In 1959, Frank Currie began designing and building differentials for material-handling equipment. He worked out of his garage, fabricating and assembling Ford 9-inch-based rearends for personnel carriers, electric carts, tugs, scissor lifts, and other specialty industrial vehicles. The business prospered and grew. By 1964, Frank had moved Currie Enterprises into a 5,000-square-foot building on his property in Placentia, California. Frank's four sons spent lots of their free time at their Dad's shop. In the late 1970s, Charlie, John, Raymond, and David entered the family business full-time.?>
The automakers of the 1970s brought us smaller vehicles including the Chevrolet Vega, Ford Pinto, Toyota Hi-Lux, Ford Courier, and Datsun mini pickups. It wasn't long before owners dropped V-8s into these small vehicles. The Curries began building performance rearends for these and other V-8 conversions, branching out from the still lucrative industrial vehicle rearend market.
Currie Enterprises hooked up with chassis shops in the early 1980s to design and produce 9-inch rearends for kit cars and street rods. The popularity of the Currie rearend grew and the enterprise expanded to a larger 7,000-square-foot facility. In 1985, the Currie product line again expanded, and they moved to an 11,000-square-foot plant that included state-of-the-art cleaning and tear down capabilities for rearends.
While the Ford 9-inch was Currie's claim to fame, they added Ford 8-inch, Dana 44, Dana 60, and Chevy 12-Bolt rearends to the product line in 1986. Currie Enterprises started designing and manufacturing complete custom-built 9-inch rearend assemblies, with nodular gear cases, alloy axles, and disc brakes. Currie's in-house capabilities grew and expanded. By 1999, Currie Enterprises offered a full line of driveline performance products including rearends, components, and suspensions.
All of the Curries were and are interested in the dirt. Frank was into dry lake racing that was so popular after WWII. The boys were interested in dirt bikes. Even before they could legally drive, the Currie brothers were driving 4x4 vehicles on the trails. It wasn't long before, in addition to the industrial vehicle, hot rod, and kit car rearend business, Currie Enterprises was building rearends for 4x4 vehicles.
Frank's friendship with Tom Mc-Mullen of McMullen Publishing added fuel to the 4x4 fi re. Tom was also an avid off-roader and he and Frank spent a large part of their free time exploring the backcountry. Frank had an early Bronco equipped, of course, with Currie parts. Tom was always building something new (sound familiar?) and was using Currie Enterprises as a major supplier for his projects. Charlie, John, and Ray all had their own 4x4 vehicles and were constantly coming up with ideas to make trail rigs stronger, useable, and better.
Besides quality front and rear ends, Currie Enterprises started building front and rear bumpers, suspension systems, and other parts for 4x4 vehicles. Currie became a one-stop shop for those wanting to outfit their vehicle for tough off-road trail use. At first, a large portion of the business included Ford 9-inch custom front and rear ends that started as refurbished 9-inch housings culled from around the country. As the 9-inch supply dwindled, Currie Enterprises designed their 9-Plus and Track 9 lines of brand new 9-inch housings, very popular with hot rod, racing, and performance car enthusiasts. The Currie High-Pinion 9-inch reversecut third member allowed us to use a quality 9-inch housing and have the advantages of a high-pinion.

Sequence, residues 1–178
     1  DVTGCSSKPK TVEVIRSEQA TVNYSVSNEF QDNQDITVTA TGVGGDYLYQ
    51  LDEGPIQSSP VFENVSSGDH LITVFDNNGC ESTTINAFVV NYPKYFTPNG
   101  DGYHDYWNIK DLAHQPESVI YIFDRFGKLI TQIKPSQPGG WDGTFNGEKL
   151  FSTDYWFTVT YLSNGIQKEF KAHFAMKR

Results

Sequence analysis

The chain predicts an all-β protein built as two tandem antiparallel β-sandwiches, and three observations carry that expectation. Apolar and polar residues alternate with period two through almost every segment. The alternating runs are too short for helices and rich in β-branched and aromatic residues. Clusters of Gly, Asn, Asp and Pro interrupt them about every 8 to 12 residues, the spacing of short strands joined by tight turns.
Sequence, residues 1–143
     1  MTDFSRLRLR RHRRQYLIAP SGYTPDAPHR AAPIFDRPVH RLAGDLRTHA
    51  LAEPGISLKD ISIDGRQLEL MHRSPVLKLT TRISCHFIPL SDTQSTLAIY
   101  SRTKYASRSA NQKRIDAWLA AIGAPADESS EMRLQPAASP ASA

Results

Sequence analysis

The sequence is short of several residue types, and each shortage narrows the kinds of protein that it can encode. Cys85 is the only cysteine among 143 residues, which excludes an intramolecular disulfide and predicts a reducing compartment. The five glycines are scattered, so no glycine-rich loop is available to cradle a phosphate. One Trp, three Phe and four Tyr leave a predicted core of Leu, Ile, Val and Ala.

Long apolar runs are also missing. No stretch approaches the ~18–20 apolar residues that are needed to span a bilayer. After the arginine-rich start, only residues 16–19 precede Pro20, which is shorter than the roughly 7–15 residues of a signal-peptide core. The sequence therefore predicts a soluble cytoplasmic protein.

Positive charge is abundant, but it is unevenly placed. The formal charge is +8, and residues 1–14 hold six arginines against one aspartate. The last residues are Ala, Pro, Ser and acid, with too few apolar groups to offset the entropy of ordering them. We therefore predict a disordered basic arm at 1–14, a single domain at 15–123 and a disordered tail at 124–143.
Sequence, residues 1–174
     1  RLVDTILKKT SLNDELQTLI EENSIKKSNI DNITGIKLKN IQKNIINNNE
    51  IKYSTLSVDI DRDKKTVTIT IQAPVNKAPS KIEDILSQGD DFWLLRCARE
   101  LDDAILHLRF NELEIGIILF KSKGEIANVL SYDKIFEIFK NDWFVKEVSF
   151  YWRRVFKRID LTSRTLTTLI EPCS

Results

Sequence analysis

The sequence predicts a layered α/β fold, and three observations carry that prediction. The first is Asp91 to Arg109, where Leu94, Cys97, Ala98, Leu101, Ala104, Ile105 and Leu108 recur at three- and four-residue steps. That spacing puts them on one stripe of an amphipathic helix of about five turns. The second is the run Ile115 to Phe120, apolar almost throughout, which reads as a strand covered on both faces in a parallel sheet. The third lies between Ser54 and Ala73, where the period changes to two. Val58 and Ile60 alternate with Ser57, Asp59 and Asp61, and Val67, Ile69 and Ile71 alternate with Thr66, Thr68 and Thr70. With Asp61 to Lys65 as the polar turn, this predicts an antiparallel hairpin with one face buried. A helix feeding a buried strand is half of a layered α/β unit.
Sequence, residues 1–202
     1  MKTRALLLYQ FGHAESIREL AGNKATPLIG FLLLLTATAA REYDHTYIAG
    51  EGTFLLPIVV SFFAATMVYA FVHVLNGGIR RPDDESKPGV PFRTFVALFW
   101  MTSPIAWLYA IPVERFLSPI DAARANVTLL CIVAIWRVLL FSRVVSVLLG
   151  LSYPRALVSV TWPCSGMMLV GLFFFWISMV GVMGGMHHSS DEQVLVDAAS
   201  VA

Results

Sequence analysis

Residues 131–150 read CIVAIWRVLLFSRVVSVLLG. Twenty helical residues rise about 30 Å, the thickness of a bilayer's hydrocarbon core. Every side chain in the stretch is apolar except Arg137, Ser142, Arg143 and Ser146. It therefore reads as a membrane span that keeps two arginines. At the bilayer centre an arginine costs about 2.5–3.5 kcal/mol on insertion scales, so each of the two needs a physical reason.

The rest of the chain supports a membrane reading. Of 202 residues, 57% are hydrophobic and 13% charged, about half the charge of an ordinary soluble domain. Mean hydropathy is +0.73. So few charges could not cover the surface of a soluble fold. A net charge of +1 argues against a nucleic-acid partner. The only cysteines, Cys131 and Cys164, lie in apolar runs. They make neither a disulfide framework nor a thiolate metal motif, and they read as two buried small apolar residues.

With rock crawling competitions came the need for even stronger components. Currie stepped up with their innovative Rock Jock 60 front and rear ends. Originally, the Rock Jock was only available with an aluminum center section, but it is now available in cast iron, too. Currie Enterprises' latest offering is their new, heavyduty F9 front and rear ends. The F9 uses 9-inch or High-Pinion third members, beefy 3/16-inch plate and tubes, and can be built using one-ton componentry. Currie's stronger parts included new tie rods and drag links for Jeeps, new bumpers and body armor, new suspension designs, and other parts.
Today, Currie Enterprises occupies a 21,000-square-foot complex in Anaheim, California, and a 19,000 square-foot warehouse in Corona, California. The company has grown in size and the product line has continued to expand. Currie Enterprises now has nearly 50 employees and boasts a state-of-the-art manufacturing facility. The Curries design, build, modify, test, sell, and install rearend and drivetrain products, all under one roof.
From humble beginnings as a dream of Frank and Evelyn Currie, Currie Enterprises has become one of the most recognized names in specialty rearends and components. Whether it's Ford 9-inch, Ford 8-inch, Dana 44, Dana 60, or custom axles, Currie Enterprises designs and manufactures the components needed to continue offering complete front and rear ends that exceed the original cores in strength, quality, durability, and versatility. They also continue to design and build strong, quality parts that make our lives better in the backcountry.
This feature is a short history and overview of Currie Enterprises. Go to the Currie website to check out all they offer. Currie Enterprises -- here's to a bright future and another 50 years of success!